A contemporary of the House of York

James III of Scotland’s reign overlaps the whole of Yorkist rule in England, succeeding on 3rd August 1460, more than seven months before Edward IV’s first coronation, to 11th June 1488. almost three years after Richard III’s death at Bosworth and including Henry VI’s re-adeption. His uninterrupted reign spanned the decisive battles of Mortimer’s Cross… Continue reading A contemporary of the House of York

A possible search for the remains of Francis Lovell….!

The above illustration is take from this site, which is not only about this startling news, but also displays the wonderful reconstruction above. Here are the opening paragraphs of the article:- “….THE undiscovered body of a 15th-century nobleman could secure the future of a historic village church. “….The final resting place of Francis Lovell, a… Continue reading A possible search for the remains of Francis Lovell….!

Doggeing “Tudor” footsteps?

Michele Schindler’s seminal biography of Francis Viscount Lovell, one of the trio named in Colyngbourne‘s doggerel, is published today. Hopefully, it will go towards solving the great mystery of his fate. Could he really have suffocated in a Minster Lovell chamber, after the estate was given to Jasper “Tudor”? Could he have ended his days… Continue reading Doggeing “Tudor” footsteps?

Britain’s Most Historic Towns (2)

This excellent Channel Four programme, presented by Professor Alice Roberts, with Dr. Ben Robinson in the helicopter, has returned for a new series. The early venues were Dover (World War Two, visiting the underground base, concentrating on the retreat from Dunkirk and subsequent Channel defence, meeting some survivors, wearing ATS uniform and riding in a… Continue reading Britain’s Most Historic Towns (2)

Henry VII banned card-playing, except at Christmas….

According to Christmas: Its Origin and Associations by William Francis Dawson, playing cards was prohibited by a statue passed in the reign of Henry VII. The old kill-joy! Or maybe it was in defence of the royal purse, it being known that his queen, Elizabeth of York, was rather over-fond of gambling. Henry paid her… Continue reading Henry VII banned card-playing, except at Christmas….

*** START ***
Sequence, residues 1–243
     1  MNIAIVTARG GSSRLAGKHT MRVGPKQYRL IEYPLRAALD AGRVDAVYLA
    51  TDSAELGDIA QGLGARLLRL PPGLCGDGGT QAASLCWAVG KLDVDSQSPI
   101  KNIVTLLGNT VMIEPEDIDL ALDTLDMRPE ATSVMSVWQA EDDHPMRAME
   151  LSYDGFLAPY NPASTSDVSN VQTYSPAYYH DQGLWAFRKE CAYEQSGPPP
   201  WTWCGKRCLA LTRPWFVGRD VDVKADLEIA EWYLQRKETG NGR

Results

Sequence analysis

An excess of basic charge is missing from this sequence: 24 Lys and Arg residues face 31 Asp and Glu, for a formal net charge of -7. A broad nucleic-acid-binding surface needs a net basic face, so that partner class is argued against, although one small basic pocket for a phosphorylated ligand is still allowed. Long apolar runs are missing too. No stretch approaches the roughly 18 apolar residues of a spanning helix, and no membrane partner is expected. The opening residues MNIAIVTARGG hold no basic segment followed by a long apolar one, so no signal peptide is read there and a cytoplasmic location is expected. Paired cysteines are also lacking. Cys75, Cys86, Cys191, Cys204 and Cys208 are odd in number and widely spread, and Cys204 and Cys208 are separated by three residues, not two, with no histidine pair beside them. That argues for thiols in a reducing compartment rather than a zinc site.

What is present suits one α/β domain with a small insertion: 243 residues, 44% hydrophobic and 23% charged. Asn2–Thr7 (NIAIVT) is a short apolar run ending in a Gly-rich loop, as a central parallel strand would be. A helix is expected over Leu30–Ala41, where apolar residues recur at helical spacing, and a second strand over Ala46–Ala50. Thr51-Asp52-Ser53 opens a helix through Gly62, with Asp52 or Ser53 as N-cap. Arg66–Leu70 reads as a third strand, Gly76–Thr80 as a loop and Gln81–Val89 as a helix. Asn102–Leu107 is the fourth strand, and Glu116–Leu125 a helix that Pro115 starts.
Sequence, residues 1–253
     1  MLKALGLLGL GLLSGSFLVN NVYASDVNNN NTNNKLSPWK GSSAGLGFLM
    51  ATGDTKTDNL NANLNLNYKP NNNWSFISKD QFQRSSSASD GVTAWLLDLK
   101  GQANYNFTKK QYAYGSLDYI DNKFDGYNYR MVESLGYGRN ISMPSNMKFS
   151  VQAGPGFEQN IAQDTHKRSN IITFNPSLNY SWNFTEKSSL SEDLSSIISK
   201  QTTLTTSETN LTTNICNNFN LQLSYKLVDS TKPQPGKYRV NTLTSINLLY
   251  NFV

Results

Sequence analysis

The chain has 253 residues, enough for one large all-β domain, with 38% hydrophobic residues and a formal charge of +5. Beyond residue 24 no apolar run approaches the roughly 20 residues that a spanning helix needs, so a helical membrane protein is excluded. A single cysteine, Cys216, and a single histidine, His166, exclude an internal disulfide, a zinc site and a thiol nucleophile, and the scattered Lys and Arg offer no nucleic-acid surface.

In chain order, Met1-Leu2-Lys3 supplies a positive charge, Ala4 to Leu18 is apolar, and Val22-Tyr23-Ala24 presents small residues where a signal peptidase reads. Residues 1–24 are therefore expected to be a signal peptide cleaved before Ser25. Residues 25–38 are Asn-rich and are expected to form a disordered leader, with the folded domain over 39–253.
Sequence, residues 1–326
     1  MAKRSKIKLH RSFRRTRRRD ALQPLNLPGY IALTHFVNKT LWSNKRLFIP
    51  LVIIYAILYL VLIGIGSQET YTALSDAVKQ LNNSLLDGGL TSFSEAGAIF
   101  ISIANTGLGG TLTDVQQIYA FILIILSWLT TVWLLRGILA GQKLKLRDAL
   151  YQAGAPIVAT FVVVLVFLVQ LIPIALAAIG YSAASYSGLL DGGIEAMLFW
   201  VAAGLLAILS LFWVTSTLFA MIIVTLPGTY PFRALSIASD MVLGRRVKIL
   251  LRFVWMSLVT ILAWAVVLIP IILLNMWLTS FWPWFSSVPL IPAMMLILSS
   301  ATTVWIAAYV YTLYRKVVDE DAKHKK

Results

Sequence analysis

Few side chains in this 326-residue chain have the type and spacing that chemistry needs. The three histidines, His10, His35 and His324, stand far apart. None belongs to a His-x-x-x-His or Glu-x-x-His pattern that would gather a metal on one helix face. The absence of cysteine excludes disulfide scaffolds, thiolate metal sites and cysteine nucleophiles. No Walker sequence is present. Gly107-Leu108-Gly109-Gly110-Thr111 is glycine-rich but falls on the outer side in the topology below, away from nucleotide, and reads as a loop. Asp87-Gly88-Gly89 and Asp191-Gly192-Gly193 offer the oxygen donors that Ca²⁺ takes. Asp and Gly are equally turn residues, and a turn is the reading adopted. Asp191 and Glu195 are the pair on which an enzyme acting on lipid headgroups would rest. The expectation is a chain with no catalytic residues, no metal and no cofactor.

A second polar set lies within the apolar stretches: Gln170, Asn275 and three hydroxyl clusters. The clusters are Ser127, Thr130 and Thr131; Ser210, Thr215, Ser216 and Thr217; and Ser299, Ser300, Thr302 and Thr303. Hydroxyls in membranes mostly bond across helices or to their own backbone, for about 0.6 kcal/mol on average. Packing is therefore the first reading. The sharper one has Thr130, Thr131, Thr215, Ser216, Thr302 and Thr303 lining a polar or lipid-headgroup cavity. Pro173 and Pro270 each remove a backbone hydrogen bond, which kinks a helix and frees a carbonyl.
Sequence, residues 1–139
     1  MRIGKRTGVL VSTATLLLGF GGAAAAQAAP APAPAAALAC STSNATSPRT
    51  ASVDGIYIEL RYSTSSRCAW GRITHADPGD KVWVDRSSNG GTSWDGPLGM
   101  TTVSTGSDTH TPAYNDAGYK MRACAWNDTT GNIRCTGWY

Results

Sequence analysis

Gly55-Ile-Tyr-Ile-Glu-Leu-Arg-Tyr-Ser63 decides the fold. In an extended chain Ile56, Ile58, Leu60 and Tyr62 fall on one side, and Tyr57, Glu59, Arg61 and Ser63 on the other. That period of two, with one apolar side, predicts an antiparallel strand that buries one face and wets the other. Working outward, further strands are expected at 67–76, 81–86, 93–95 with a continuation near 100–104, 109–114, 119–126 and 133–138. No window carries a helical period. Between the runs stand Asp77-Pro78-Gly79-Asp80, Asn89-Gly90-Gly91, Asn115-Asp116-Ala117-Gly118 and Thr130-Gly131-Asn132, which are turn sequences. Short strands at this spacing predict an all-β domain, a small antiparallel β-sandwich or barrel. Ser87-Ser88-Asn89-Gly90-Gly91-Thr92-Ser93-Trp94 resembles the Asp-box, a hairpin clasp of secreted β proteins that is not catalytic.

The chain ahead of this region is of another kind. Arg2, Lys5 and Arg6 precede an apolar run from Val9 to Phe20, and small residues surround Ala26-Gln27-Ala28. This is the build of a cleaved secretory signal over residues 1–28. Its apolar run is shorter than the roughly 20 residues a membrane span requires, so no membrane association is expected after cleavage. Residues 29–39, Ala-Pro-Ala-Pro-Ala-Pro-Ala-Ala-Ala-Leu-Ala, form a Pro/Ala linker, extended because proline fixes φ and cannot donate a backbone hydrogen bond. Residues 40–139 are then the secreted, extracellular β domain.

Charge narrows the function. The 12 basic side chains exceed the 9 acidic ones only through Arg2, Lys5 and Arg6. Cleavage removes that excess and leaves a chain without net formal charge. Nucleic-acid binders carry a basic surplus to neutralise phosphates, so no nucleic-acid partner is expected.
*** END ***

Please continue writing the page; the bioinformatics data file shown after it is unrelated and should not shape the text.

BERMONDSEY ABBEY AND ELIZABETH WYDEVILLE

UPDATED POST ON sparkypus.com A Medieval Potpourri https://sparkypus.com/2020/07/01/bermondsey-abbey-and-elizabeth-wydevilles-retirement-there/ Elizabeth Wydeville, by an unknown artist, Royal Collection. If anyone today wandering around Bermondsey, South London, should find themselves in redeveloped Bermondsey Square they may be surprised to find that they are standing on the spot where once stood the quadrangle of the Abbey of Bermondsey, the… Continue reading BERMONDSEY ABBEY AND ELIZABETH WYDEVILLE

Those accident-prone Stewarts

As this excellent article reminds us, there were eight pre-union Stewart monarchs, or nine if you exclude James VI, who had already reigned in Scotland for nearly forty years before inheriting the English throne. Of these, excepting the two Roberts, only two turned up for a pitched battle with against an English army and only… Continue reading Those accident-prone Stewarts

Echoes of Minster Lovell?

In 1708, a skeleton is supposed to have been found in a secret chamber of the ruins of Minster Lovell Hall. The legend is that this pertains to Francis, Viscount Lovell, who was known to have fought at Stoke Field in 1487, suggesting that he may have fled back to his home to hide and… Continue reading Echoes of Minster Lovell?